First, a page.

Space-based technology and the Indian Ocean tsunami response
The Indian Ocean tsunami hit such a large land area that it was at first thought that earth observation (EO) could not be used to support the response effort. In fact, since Hurricane Mitch in 1998 no emergency has involved such intensive production and use of EO applications as the response to the tsunami. It was also the first tsunami to be recorded from space just as the front wave was propagating through the sea. Some 650 images were produced, using data from 15 different sensors. During the first stages of the crisis, satellite maps were used at headquarters to assess the extent of the emergency. Later, these images were used in the field, distributed by the HIC and other sources, to support relief and coordination. Today, the wealth of information generated at the time of the crisis is at the disposal of different user agencies for the recovery and reconstruction effort.
The relatively wide availability of satellite-based products in the tsunami response was made possible by three main factors: the ability of the International Charter to react rapidly and efficiently; the existence of established cooperative links between the UN system via UNOSAT and the space industry; and the capacity to relay products to a wide range of key users, both at headquarters and in the field.
The chronology highlights how efficient the system has become. The earthquake and tsunami hit on 26 December 2004. During the night of 2627 December, the UN Office for the Coordination of Humanitarian Affairs (OCHA) began to identify affected areas. On 27 December, the UN triggered the International Charter over three locations: Phuket in Thailand, Male in the Maldives and Aceh in Indonesia. Image processing began on the same day. By 29 December, UNOSAT had put its first maps online, and by 14 January 2005 UNOSATs online image bank was operational. At its peak, the image bank hosted some 650 maps by UNOSAT and a number of partners like Germanys DLR and the French SERTIT, and was accessed by 41 relief organisations. UNOSATs website recorded 200,000 map downloads during the tsunami crisis 60% of all downloads recorded in the previous year.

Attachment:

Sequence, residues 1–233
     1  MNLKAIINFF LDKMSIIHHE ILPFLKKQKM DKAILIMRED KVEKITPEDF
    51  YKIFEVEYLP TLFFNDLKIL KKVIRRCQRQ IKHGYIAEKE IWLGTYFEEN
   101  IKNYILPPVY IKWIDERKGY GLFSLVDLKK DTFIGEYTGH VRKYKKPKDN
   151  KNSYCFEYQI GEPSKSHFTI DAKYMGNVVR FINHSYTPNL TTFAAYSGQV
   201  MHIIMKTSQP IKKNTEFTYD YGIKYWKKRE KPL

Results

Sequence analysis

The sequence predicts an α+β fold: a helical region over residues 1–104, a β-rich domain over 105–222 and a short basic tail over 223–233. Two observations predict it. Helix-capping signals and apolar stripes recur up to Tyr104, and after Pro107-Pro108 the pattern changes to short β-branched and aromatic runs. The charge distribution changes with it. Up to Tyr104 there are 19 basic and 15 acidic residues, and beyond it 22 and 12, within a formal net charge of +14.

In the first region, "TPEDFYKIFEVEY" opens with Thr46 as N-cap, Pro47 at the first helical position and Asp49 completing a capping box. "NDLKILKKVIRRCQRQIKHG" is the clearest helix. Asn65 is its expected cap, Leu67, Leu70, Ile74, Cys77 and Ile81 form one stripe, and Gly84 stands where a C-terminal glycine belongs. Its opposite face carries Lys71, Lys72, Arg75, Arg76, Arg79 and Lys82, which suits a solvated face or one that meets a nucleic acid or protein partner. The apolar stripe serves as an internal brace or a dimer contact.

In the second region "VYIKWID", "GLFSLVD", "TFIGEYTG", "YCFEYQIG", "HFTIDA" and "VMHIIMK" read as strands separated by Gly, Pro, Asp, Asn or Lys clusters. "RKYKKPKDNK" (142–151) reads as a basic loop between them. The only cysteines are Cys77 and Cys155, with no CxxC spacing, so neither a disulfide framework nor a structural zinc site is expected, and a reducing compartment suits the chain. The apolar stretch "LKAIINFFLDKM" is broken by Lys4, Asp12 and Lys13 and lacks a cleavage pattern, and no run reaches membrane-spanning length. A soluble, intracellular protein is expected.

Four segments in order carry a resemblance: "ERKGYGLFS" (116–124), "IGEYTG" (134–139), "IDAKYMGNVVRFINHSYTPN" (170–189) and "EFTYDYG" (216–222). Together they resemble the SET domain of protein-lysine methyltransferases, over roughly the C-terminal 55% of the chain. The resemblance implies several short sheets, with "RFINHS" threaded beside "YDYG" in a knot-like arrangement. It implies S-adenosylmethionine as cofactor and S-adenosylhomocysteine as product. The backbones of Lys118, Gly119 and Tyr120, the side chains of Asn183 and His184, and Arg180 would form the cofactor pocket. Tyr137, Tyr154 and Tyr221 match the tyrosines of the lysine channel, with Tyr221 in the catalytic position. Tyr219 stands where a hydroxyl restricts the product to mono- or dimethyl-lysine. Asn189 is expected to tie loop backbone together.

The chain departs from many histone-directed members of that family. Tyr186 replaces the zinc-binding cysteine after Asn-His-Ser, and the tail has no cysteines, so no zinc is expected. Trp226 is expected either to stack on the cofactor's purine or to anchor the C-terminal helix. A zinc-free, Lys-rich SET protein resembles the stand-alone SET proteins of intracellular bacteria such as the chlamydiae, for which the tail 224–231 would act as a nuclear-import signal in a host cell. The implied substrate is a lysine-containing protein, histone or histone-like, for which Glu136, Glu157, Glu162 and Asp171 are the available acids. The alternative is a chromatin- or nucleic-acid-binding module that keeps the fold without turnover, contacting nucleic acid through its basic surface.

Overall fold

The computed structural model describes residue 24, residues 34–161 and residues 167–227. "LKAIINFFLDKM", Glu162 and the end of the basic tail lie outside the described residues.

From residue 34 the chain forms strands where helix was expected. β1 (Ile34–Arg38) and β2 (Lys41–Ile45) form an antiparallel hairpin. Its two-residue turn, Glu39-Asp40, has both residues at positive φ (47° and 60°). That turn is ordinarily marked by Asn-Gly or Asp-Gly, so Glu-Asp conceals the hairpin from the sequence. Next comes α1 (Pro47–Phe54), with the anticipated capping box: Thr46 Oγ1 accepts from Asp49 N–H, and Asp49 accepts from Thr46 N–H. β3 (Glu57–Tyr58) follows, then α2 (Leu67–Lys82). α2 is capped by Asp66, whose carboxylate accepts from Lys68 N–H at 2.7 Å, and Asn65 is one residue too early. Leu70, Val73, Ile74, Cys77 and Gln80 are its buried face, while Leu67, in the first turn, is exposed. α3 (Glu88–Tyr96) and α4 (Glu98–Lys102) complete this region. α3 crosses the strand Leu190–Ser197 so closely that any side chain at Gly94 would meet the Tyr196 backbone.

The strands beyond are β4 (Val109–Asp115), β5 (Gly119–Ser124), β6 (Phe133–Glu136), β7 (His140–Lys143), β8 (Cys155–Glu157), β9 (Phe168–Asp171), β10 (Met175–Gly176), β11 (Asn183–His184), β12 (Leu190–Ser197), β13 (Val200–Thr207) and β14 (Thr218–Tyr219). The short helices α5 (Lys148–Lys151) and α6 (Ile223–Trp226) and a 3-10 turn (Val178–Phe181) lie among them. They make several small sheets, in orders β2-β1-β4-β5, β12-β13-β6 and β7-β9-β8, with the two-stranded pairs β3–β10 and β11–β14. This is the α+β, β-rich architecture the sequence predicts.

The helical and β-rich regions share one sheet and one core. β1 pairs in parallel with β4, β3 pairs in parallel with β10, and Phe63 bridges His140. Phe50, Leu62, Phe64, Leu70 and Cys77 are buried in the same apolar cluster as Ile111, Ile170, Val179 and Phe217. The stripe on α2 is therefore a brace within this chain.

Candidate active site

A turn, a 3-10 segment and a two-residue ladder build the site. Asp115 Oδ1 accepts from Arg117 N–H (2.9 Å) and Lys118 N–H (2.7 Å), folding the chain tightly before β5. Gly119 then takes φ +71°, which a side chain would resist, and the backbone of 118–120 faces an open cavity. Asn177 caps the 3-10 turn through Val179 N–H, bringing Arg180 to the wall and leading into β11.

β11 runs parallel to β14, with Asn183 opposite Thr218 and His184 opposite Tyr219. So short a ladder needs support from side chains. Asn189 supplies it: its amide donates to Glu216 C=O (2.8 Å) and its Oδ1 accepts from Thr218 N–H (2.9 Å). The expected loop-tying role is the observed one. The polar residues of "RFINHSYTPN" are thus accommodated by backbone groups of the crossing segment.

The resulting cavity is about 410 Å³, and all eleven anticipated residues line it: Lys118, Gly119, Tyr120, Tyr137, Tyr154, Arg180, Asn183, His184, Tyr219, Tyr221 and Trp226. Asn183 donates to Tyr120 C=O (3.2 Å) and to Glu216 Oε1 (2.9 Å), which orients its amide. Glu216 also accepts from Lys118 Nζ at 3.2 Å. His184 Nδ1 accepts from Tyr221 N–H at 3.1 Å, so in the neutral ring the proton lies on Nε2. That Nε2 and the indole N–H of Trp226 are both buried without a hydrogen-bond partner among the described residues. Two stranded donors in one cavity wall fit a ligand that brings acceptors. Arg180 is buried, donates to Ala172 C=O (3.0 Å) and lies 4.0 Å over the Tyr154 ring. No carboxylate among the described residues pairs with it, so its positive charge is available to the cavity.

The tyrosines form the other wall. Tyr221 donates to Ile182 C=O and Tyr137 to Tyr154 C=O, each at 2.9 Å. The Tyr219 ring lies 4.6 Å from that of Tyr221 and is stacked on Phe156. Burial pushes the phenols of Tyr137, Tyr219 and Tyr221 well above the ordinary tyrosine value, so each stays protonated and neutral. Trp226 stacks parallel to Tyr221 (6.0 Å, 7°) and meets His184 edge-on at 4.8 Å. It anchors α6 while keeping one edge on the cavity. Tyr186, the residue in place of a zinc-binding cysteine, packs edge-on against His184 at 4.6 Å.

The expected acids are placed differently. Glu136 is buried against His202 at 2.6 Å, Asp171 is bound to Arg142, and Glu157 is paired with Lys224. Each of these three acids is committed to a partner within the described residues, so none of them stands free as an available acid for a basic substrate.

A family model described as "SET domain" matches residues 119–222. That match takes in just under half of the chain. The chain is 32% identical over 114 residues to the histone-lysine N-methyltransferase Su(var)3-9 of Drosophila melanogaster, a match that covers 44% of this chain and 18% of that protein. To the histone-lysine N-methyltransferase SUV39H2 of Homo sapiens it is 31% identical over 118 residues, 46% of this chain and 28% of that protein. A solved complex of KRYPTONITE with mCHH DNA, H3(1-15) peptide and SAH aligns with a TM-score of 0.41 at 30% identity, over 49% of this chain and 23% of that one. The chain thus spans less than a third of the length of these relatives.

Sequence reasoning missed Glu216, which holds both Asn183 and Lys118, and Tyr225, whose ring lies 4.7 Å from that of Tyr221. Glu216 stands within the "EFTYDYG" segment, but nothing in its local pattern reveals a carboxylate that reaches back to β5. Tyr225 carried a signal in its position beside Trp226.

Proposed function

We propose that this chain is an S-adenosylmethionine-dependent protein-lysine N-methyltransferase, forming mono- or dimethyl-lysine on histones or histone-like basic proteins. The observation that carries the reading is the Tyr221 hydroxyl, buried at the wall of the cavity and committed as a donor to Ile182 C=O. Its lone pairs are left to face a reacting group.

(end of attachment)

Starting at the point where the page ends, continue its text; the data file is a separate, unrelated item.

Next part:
In emergencies such as the tsunami, satellite-based imagery is most useful for relief coordination and information gathering. Indeed, users report that the tsunami maps helped agencies involved in coordination, as well as in logistics and distribution. Data released under the International Charter was used to develop rush disaster impact assessment maps that were used by the UN Inter-Agency Standing Committee (IASC) Task Force on the Tsunami for coordination purposes. Geographic information can also be an important component in fundraising, and can help donors assess the amount of effort required. Here, the power of visual information, maps and geographically referenced analysis is unparalleled. However, the impact of satellite imagery is felt most strongly in operational areas, such as urban search and rescue, damage assessment and relief planning and coordination.